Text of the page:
Review: Mini Metro

Game: Mini Metro
Made by: Dino Polo Club
Published by: Dinosaur Polo Club
Available for: PC, Mac, Linux, iOS, Android

This simple, minimalist puzzle game isn’t an in-depth mass transit simulator, but it’s an easy-to-learn, tough-to-master distraction perfect for limited-time play sessions.


Microtransactions: None
Tedium: None
Violence: None
Graphic Content: None


Mini Metro isn’t so much an urban transit simulator as it is a puzzle game with the goal of drawing the best transit map. Each individual game of Mini-Metro starts with three shapes (stations) on top of a map of a well-known world city. The player’s goal is to use a limited number of colored train lines to connect these stations in such a way that travelers will be able to reach their destinations efficiently.

Soon after the game begins, commuters will begin to arrive at the stations, each with a shape corresponding to the sort of station they need to reach. A circle-shaped commuter will need to eventually arrive at a circle-shaped station, and a square-shaped pedestrian will need to be delivered to a square-shaped station. In reaching their destinations, commuters will dynamically transfer between lines and will travel as long as necessary to reach the closest station of their shape.

The game’s concept is simple enough, but its challenge comes from the risk of overcrowding; while commuters have no schedule and will gladly wait as long as necessary to reach their destinations, if too many commuters are waiting at an individual station at too long, a timer will appear above the station to show the player how much time they have to resolve the situation before it shuts down. Once any station on the transit grid shuts down due to overcrowding, the game is over.

In a nutshell, mini-metro is a game about drawing transit lines in such a way that pedestrians reach their destinations without causing overcrowding at any one station. That’s most of the game, but a few mechanics add levels of depth; every time an in-game week passes, the player is offered one of two upgrades. These upgrades may be additional lines, engines, train cars, tunnels, bridges, or station upgrades. Upgrades assist the player in their ability to cover the map, but choosing the wrong upgrade may be the difference between a smooth transit week and an overcrowding crisis.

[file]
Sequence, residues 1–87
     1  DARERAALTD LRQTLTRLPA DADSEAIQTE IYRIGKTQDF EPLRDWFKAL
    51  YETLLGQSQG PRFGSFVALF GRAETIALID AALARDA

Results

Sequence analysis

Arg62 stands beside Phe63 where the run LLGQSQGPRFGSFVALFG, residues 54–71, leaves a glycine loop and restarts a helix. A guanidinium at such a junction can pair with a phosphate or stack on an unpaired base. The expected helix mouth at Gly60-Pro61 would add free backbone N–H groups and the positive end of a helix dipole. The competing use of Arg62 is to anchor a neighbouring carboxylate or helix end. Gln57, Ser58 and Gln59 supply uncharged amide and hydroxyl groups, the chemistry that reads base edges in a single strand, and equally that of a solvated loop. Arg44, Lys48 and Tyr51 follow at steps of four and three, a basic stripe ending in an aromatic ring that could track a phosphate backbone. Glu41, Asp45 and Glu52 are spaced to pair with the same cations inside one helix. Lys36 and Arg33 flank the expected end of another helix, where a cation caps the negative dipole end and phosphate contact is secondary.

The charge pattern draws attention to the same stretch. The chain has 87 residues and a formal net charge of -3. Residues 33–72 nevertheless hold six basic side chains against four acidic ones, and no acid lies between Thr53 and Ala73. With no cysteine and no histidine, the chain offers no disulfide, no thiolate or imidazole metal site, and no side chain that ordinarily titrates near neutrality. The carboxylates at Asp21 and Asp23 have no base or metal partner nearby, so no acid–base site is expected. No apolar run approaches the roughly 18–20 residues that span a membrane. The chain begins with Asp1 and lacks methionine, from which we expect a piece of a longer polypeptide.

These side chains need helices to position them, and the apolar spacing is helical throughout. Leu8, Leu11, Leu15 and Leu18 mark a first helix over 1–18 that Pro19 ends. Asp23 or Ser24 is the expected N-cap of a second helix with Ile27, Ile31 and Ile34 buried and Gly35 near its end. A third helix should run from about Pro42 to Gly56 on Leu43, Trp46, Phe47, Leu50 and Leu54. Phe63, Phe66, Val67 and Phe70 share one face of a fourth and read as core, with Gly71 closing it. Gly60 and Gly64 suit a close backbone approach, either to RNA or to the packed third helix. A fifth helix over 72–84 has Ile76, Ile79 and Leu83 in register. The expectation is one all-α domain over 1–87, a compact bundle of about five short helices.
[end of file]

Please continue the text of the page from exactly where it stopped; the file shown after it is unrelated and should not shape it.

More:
Simple Puzzles: The core concept of Mini Metro is easy to understand: click and drag a transit line to connect stations along it. Use these transit lines to deliver commuters to their destinations. The game’s upgrades give it an additional layer of depth, but it’s never difficult to understand.

Minimalist Style: Based on the aesthetic style of the well-known London Underground map, a muted city background puts the shapes and transit lines of Mini Metro on center stage. The game’s style lends itself well to both its simplicity and its palatability; those familiar with well-designed transit maps will have no problem beginning to build their own.

Relaxing Gameplay: The danger of station overcrowding can be tense, but Mini Metro’s play speed is slow enough that the player should always have adequate time for decision making. The game is challenging, but it’s not particularly stressful.


Theme: If you have any interest in public transit and/or the science behind it, Mini Metro won’t challenge your deeper understanding, but its theme adds a level of intrigue and flair to an otherwise simple puzzle game.

Simplicity: Mini Metro is a perfect game for short, sit-down-and-play sessions. The game itself is challenging, but it doesn’t ask you to sit down and learn much. Once you understand the concept, you’re ready to play indefinitely.


Not a Simulator: Mini Metro isn’t designed to be an accurate simulation of transit planning, and it doesn’t necessarily play like one. Anyone hoping for the game to be a fun and short puzzle experience will be happy, but those searching for an in-depth mechanical simulation of the inner workings of public transportation should consider looking elsewhere.

Limitations: Mini Metro’s plethora of maps and infinite expansion offer players significant replayability, but if the gameplay doesn’t have you hooked after a few playthroughs, it won’t grab you later on.


If you’re looking for a relaxing, interesting puzzle game and find Mini Metro’s transit theme compelling, it may be the game for you.

If you’re searching for an in-depth transit simulator or a more hardcore puzzler experience, consider giving this title a pass.


From Steamspy unless otherwise noted.

Average Playtime*: 5.5 hours
Average Cost per Hour**: $1.82

Median Playtime*: 3 hours
Median Cost per Hour**: $3.33

* Playtime rounded to the nearest half hour
**Costs calculated using a price of $9.99


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